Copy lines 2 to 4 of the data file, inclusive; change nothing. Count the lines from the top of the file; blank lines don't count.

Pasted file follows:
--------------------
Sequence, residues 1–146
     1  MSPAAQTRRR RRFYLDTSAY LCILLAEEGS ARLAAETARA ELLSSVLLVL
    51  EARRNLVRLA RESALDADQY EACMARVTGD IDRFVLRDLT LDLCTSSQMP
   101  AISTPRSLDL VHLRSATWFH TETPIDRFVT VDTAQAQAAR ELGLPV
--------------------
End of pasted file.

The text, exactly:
     1  MSPAAQTRRR RRFYLDTSAY LCILLAEEGS ARLAAETARA ELLSSVLLVL
    51  EARRNLVRLA RESALDADQY EACMARVTGD IDRFVLRDLT LDLCTSSQMP
   101  AISTPRSLDL VHLRSATWFH TETPIDRFVT VDTAQAQAAR ELGLPV